Films by Wes Anderson are such a challenge to describe to the uninitiated. At the same time that I want to grab you by the lapels and insist that you go out to see The Grand Budapest Hotel right now, lest you risk missing the funniest, most delightful, intricately and artfully designed opus to grace the silver screen in many a moon, I also have to accept the fact that some audiences just aren’t going to get it. Worse, some have found Anderson’s works off-puttingly precious or twee, and The Grand Budapest Hotel won’t convert them. Haters, you know who you are.
There are good reasons why movie critics repeatedly turn to visual metaphors like “diorama,” “stereopticon,” “Cornell box,” “music box,” “spun-sugar Easter egg” and so on to describe the highly stylized look of Anderson’s works – a look like no one else’s. Though he does employ miniatures and animation at times – as obvious and crude as a Terry Gilliam collage in a Monty Python episode – he doesn’t need 3-D technology to convey an extreme depth of field and crystalline detail in every single meticulously arranged shot.
The key figure in an Anderson scene is nearly always in the precise center of the frame – sometimes looking straight into the camera – his or her surroundings radiating out in perfect symmetry. There’s a great artificiality to it all, granted; but aren’t all movies artifice? If you admire this sort of cinematic craftsmanship, Anderson’s aesthetic can draw you in so forcefully that you’re willing to give up all insistence on logic or plausibility without a struggle. It’s like falling down Alice’s rabbit hole. And where you land is someplace magical-realist – in the case of The Grand Budapest Hotel, a skewed facsimile of Eastern Europe on the cusp of World War II, where a few obsessive visionaries still fight to hold onto the grandeur and grace of gentler times.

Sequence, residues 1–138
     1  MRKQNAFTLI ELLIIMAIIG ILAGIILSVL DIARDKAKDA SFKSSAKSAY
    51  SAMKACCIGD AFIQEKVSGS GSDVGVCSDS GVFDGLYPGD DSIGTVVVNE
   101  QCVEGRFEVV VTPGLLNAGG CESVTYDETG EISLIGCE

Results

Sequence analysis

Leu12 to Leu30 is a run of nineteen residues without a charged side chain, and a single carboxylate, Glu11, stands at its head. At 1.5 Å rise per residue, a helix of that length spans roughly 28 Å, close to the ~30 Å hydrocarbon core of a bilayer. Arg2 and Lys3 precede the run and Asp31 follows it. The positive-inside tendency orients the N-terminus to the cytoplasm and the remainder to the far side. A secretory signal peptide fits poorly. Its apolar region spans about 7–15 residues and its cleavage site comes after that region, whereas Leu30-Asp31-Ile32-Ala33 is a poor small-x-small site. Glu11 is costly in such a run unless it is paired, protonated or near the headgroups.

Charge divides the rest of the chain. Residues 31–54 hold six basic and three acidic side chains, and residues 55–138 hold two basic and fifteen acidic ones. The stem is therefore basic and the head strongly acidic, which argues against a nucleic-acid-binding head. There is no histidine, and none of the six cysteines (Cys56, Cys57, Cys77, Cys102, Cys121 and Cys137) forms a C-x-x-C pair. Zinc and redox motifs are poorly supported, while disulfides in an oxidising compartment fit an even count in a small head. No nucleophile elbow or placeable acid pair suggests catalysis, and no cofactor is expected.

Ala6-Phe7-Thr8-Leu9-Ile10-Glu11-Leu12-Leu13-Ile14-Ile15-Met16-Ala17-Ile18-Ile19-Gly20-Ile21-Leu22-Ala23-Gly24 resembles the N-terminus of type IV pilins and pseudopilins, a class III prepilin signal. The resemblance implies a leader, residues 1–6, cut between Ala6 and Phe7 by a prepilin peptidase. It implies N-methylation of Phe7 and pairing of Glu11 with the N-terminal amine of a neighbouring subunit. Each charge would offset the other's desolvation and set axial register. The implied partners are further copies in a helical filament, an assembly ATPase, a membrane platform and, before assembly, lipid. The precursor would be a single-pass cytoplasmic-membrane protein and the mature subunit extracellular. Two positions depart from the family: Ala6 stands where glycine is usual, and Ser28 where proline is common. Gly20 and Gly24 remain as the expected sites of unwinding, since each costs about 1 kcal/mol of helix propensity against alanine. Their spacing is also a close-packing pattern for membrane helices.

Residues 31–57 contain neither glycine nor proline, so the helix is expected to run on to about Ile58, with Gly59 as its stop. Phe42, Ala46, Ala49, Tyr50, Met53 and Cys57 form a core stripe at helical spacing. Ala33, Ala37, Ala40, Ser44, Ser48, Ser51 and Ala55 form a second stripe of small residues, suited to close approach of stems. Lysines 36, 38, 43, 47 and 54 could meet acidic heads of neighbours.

One of those is Monsieur Gustave H. (Ralph Fiennes), the dedicated concierge of a pink Baroque/Rococo pile called the Grand Budapest Hotel, situated in a mythical mountainous country called the Republic of Zubrowka that is soon to be invaded by a grim foreign force closely resembling Nazis. Under Gustave’s watchful eye, the ornate establishment is one of the last outposts of polite civilization. A true believer in the ideal of providing optimal customer service, he runs a very tight ship, endlessly correcting his deeply loyal underlings as he strides like the Energizer Bunny about the hotel’s immense lobby and sprawling halls.
Who ever imagined that Ralph Fiennes could be this funny? Totally deadpan, he slides from supercilious politeness to swearing like a (very articulate) sailor without missing a beat. Gustave is the kind of character who will stand on the edge of ruin or deadly danger and get caught up in a heated argument on the finer points of etiquette. It’s a mad turn that Fiennes sustains at high intensity for the entire movie and makes us believe in it, even though there’s nothing the slightest bit naturalistic about the performance. His mix of polished pretention and raging folly falls squarely into the comedic tradition of Peter Sellers playing Inspector Clouseau and John Cleese as Basil Fawlty; but most of all – especially in the stiff-but-purposeful way that he moves – he made me think of Jacques Tati as Monsieur Hulot.